Thursday, May 7, 2020

Nate Hood's Quarantine Qapsule #2 Affair in Trinidad [1952] ★★

Lest you think things have gone loopy with the numbering of Nate's Quarantine Quapsules,I have not.  Nate didn't start sending me the capsules until he had reached number 5.  In order to keep the set complete I'm posting the first four over the next couple days as bonus pieces.

The first ten minutes of Vincent Sherman’s Affair in Trinidad are one of the great fake-outs of 50s Hollywood cinema. Six years after Rita Hayworth and Glenn Ford made Hollywood magic in the timeless noir Gilda (1946), they reunited for what at first glance appears to be a better-late-than-never victory lap. The first scene sees Hayworth in a nightclub, singing and dancing a shockingly risqué (for the early 50s) calypso number, flashing more bare legs than a line of can-can dancers while her strapless bustier proves more stubbornly defiant of gravity than Anita Ekberg’s sweetheart neckline during the Fontana di Trevi scene in Fellini’s La Dolce Vita (1960). Sherman even gives a knowing nod to Gilda’s most famous moment—Hayworth’s infamous head pop/hair flip into the frame for her introduction—with a quick close-up hair toss near the start of the dance. Could this film be a greatest hits of Gilda, we wonder?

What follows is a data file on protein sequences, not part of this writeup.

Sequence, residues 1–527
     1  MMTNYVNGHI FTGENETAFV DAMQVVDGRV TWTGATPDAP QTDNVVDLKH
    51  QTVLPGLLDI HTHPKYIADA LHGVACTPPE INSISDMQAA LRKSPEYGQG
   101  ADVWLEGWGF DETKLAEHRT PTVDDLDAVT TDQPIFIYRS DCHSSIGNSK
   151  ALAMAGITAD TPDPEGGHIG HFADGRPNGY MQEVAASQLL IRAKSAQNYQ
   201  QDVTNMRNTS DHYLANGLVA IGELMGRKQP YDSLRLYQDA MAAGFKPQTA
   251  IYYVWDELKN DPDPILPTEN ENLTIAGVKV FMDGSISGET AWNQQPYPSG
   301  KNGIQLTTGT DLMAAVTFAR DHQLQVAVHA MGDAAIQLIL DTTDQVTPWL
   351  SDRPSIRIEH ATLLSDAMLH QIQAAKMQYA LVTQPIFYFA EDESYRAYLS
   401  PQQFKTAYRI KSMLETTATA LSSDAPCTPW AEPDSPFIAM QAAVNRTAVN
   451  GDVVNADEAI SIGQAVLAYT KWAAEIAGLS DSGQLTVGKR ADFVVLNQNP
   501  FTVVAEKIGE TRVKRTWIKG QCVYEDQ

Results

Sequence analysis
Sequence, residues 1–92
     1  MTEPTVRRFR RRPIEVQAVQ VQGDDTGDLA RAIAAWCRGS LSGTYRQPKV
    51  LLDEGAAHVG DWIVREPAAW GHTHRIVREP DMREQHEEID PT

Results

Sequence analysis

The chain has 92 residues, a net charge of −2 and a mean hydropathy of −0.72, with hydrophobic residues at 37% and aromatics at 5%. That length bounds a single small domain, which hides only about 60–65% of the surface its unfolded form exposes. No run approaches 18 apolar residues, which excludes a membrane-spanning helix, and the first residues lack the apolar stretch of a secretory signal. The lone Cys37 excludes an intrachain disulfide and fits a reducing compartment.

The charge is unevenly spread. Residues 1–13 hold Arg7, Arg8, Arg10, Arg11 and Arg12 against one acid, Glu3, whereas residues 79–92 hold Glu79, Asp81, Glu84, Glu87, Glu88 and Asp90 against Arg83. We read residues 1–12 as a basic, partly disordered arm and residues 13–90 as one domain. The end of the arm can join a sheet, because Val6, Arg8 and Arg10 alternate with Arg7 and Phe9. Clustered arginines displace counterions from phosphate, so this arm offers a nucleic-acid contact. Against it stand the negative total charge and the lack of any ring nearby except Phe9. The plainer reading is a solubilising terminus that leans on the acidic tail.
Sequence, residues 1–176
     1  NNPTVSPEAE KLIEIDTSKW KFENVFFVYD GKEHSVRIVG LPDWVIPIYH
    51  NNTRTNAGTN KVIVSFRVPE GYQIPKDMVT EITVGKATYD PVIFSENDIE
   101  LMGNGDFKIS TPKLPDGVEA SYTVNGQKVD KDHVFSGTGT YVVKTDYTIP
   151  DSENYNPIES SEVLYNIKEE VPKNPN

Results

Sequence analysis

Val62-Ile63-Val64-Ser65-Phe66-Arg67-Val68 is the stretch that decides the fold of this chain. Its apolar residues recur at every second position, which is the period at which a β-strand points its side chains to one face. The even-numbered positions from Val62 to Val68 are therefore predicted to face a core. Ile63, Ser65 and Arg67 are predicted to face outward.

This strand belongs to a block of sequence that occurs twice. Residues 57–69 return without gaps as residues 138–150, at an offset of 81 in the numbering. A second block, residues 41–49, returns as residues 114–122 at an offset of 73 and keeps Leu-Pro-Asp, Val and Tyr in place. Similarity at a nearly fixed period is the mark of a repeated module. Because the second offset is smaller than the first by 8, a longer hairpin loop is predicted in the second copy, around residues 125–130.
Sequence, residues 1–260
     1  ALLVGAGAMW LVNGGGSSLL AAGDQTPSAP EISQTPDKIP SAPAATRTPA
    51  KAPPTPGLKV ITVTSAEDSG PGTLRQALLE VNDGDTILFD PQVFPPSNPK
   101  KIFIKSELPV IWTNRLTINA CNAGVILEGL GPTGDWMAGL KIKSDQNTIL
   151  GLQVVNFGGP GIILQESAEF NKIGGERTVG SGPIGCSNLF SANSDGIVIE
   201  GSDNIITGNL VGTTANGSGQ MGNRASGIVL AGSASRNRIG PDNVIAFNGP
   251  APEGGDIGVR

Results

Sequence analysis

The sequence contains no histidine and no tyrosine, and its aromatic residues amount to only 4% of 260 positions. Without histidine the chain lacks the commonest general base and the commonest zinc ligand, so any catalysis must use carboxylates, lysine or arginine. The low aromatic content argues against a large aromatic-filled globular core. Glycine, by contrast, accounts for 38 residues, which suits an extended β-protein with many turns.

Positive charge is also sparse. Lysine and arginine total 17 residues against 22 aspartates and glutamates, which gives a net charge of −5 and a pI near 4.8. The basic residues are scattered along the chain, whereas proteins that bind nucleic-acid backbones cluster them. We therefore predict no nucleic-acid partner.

Alas, it’s not to be. Immediately after this show-stopping number Affair in Trinidad reveals its true colors as an idiot rip-off of Alfred Hitchcock’s Notorious (1946): it follows a woman forced by government authorities local cops to infiltrate a group of ex-Nazi expats living in Brazil Trinidad and Tobago by faking romantic interest in their leader while actually falling in love with a different man, all of which leads to a climactic party sequence where she steals valuable information and escapes down a staircase narrowly misses getting killed on a staircase.

I call it an idiot ripoff because everyone in the film acts like a total and complete ignoramus the whole time, best demonstrated in a scene where Ford, the brother of a man murdered by de facto ex-Nazi leader Max Fabian (Alexander Scourby), barges into his home, waves damning evidence in his face, and…sticks around. (The longer the film goes on the more and more one develops an intense kinship with Juanita Moore’s Dominique, the West Indian housekeeper of Ford’s brother’s estate who can barely hide her exasperation with all the stupid white people running around her islands.)

Only Hayworth seems to be trying here; the usually dependable Ford is a charisma sinkhole who’s not so much stoic as non-responsive and non-reactive. When we see them fall in love, we see the mechanics of a hackneyed script, not a believable story development.

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